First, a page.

Ripple XRP: A Centralized Cryptocurrency in A Very Decentralized Space

In the cryptoverse Bitcoin is automatically considered the king of the hill, which might be true but that doesn’t mean the king doesn’t have any contenders for the crypto throne. With the amount of different yet unique cryptocurrencies popping up, things might get a little ‘Game of Thrones’ like between all the cryptos. Speaking of intriguing cryptos, Ripple seems to pop out with its diversion from several crypto-norms, in the sense that, instead of avoiding banks like cryptos do, Ripple actually embraces them.

First things first, Ripple is a digital-payment processing system and a cryptocurrency, all at once. It is a distributed, real-time payment protocol for anything of value. It’s a shared public database, with a built-in distributed currency exchange, which operates as the world’s first universal translator for money. Ripple itself is currency agnostic and has a foreign exchange component built right into the protocol.

Ripple’s Foreign Exchange Component

Ripple itself acts as a pathfinding algorithm, which discovers the best route for a dollar to become a euro, etc. Ripple achieves this by taking a look at all the orders in the global order book and routes every transaction to the cheapest price available in the market. There is a transaction fee, however, that must be paid in Ripple’s cryptocurrency, the XRP.


As already mentioned, Ripple is a cryptocurrency as well and goes by XRP. It is used to represent the transfer of value through the Ripple Network. The main purpose of XRP is to act as a mediator for other cryptocurrencies and fiat – exchanges, both.

The Ripple Net

RippleNet consists of a network of official payment-providers like banks and money services firms that use solutions that are developed specifically by Ripple to provide a frictionless, smooth experience for global transactions.

The Ripple Protocol Consensus Algorithm

Ripple doesn’t have a blockchain unlike its counterparts in the cryptoverse. Strange isn’t it? So how does it exactly carry out the verification of transactions and how does it look after everything to make sure everything is okay? This is where the Ripple protocol consensus algorithm (RPCA) comes in, which is Ripple’s patented technology.

The use of ‘consensus’ lends Ripple a bit of democratic air, as it means that if every node is in agreement with all the rest, there is no issue. Consider the nodes as a few chosen people who have the responsibility to make a joint agreement in order to carry out any decision. If they all agree on one thing like let’s say raising taxes, there will be no issue, however, if even one of them disagrees then nothing will materialize.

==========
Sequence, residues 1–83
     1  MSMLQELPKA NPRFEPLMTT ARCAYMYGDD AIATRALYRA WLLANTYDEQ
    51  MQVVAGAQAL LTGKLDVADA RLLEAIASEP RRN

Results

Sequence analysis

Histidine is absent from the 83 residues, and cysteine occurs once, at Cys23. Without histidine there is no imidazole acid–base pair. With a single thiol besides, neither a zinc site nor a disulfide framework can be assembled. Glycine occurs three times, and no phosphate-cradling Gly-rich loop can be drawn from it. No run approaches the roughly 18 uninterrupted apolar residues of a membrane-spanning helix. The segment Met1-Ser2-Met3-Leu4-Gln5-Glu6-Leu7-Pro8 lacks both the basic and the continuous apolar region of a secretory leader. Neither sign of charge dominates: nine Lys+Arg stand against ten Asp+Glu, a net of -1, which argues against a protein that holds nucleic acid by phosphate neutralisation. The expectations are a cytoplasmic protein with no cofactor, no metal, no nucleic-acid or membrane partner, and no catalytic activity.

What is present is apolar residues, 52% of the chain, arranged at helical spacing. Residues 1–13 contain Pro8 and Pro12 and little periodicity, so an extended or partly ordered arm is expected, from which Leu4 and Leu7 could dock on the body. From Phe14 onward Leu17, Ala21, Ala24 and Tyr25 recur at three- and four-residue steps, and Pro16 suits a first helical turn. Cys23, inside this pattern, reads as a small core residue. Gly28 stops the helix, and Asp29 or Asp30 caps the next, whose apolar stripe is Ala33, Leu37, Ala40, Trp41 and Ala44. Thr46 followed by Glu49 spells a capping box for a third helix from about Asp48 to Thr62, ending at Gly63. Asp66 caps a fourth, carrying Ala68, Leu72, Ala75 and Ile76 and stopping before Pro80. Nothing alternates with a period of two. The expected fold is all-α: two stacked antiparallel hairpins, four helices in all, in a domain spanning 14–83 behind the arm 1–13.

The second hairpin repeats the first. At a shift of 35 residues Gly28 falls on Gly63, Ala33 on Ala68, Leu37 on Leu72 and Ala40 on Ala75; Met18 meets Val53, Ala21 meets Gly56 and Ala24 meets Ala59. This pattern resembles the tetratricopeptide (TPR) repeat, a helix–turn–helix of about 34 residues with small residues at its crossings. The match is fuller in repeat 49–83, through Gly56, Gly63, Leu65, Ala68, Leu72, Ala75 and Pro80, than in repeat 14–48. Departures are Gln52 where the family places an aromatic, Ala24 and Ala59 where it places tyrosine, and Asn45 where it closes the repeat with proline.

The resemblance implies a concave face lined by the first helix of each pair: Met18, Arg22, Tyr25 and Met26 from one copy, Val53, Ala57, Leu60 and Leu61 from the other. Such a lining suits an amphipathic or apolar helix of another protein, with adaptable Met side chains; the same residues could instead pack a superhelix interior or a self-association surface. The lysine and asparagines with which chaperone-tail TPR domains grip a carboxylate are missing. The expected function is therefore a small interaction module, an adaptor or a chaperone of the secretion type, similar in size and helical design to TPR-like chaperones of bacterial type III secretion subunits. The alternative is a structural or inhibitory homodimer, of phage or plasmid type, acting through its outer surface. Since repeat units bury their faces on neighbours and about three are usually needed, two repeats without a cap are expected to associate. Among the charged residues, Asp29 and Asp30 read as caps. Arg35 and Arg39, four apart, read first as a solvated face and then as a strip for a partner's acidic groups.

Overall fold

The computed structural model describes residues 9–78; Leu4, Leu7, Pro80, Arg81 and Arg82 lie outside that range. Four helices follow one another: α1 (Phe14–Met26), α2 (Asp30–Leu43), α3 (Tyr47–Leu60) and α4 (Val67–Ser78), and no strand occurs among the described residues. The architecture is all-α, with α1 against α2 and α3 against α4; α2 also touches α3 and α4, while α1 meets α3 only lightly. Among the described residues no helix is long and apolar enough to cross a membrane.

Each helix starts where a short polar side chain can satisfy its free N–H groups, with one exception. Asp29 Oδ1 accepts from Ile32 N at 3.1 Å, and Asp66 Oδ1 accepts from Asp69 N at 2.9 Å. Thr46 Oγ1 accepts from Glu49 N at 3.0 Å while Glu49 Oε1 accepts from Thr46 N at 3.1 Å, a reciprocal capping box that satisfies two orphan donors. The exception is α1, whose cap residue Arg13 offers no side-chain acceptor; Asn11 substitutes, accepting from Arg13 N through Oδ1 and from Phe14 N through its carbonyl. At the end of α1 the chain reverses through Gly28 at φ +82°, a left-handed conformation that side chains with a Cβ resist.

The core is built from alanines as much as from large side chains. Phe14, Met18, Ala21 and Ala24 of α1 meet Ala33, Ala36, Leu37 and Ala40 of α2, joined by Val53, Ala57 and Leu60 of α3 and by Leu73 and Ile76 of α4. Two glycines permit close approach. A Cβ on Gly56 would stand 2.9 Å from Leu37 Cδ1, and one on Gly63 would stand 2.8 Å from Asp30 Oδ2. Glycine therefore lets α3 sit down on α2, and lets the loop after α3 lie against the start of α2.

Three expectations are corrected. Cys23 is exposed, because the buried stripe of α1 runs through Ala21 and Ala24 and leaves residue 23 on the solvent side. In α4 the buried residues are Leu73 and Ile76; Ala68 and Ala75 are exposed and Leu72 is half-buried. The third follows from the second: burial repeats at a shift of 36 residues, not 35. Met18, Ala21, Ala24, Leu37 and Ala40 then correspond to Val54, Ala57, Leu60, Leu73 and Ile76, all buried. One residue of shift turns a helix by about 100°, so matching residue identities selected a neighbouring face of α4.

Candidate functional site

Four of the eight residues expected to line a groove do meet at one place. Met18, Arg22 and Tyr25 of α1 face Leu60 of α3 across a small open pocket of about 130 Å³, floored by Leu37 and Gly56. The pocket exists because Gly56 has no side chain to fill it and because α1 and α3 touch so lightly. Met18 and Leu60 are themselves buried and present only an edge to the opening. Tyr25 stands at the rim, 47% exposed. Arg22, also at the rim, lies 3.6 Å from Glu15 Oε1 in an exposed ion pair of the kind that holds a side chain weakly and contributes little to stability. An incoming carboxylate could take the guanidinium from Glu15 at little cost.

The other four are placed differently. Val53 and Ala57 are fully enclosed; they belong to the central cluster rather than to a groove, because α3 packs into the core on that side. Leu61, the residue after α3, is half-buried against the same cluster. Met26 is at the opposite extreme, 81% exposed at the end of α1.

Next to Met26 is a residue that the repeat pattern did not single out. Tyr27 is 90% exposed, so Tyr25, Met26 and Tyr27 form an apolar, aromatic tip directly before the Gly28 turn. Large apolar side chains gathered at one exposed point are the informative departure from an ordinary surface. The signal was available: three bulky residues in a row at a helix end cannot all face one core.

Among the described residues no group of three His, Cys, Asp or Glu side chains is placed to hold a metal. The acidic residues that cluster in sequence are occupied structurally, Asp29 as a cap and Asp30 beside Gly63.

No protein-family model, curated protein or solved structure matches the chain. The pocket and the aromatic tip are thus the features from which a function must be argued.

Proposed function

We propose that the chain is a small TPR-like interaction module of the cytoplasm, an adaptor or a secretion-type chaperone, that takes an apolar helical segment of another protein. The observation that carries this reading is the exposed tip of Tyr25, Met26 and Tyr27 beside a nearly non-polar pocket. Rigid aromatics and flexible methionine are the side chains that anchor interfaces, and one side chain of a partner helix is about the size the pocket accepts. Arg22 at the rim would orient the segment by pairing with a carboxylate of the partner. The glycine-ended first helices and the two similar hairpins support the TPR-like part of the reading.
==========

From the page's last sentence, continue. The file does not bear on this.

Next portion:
Benefits of Ripple

As a Low Commission Currency Exchange

This particular benefit comes in handy while dealing with the few currencies that can’t be directly converted into others, so, the banks have to turn to the US dollar that serves as a mediator. This means there is a double commission. Ripple, on the other hand, is a mediator too, and cheaper than USD, at that.

Fast Transactions

The average transaction time for Ripple is around 4 seconds as compared to Bitcoin’s hours or even more, and a number of days for the traditional banking systems. It’s safe to say that Ripple is lightning fast. Furthermore, Ripple is originally designed as an everyday payment system, so in addition to being time efficient, it is also much more power efficient than Bitcoin.

Banks Supporting Ripple

  • Santander
  • Axis Bank
  • Yes Bank
  • Westpac
  • Union Credit
  • NBAD
  • UBS

Although both the Bitcoin and Ripple come under the large umbrella of “cryptocurrencies”, both their purposes couldn’t be further apart. Where Bitcoin was made in the hopes of creating a brand new financial system entirely. Ripple is helping with asset transfers and is seeking to assist the existing financial systems and upgrade their capabilities for worldwide transactions.

The Ripple Team


You can read Ripple’s consensus whitepaper here. 

Abeer Anwaar

Abeer holds a Bachelors degree in Media studies and covers blockchain startups for BlockPublisher. An optimist, excels in the art of the written word and swears by the joy of all things sweet. Contact the editor at editor.startups@blockpublisher.com

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